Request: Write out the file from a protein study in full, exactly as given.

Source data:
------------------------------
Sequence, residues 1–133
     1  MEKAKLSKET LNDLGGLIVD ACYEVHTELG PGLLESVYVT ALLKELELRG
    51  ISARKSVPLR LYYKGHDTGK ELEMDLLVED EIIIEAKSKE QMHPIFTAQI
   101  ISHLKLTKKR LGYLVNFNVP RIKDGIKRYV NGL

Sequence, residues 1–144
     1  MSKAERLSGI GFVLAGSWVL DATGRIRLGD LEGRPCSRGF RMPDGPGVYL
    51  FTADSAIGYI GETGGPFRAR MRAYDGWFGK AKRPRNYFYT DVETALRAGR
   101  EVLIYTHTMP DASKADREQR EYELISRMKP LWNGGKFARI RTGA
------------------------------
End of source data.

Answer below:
Sequence, residues 1–133
     1  MEKAKLSKET LNDLGGLIVD ACYEVHTELG PGLLESVYVT ALLKELELRG
    51  ISARKSVPLR LYYKGHDTGK ELEMDLLVED EIIIEAKSKE QMHPIFTAQI
   101  ISHLKLTKKR LGYLVNFNVP RIKDGIKRYV NGL

Sequence, residues 1–144
     1  MSKAERLSGI GFVLAGSWVL DATGRIRLGD LEGRPCSRGF RMPDGPGVYL
    51  FTADSAIGYI GETGGPFRAR MRAYDGWFGK AKRPRNYFYT DVETALRAGR
   101  EVLIYTHTMP DASKADREQR EYELISRMKP LWNGGKFARI RTGA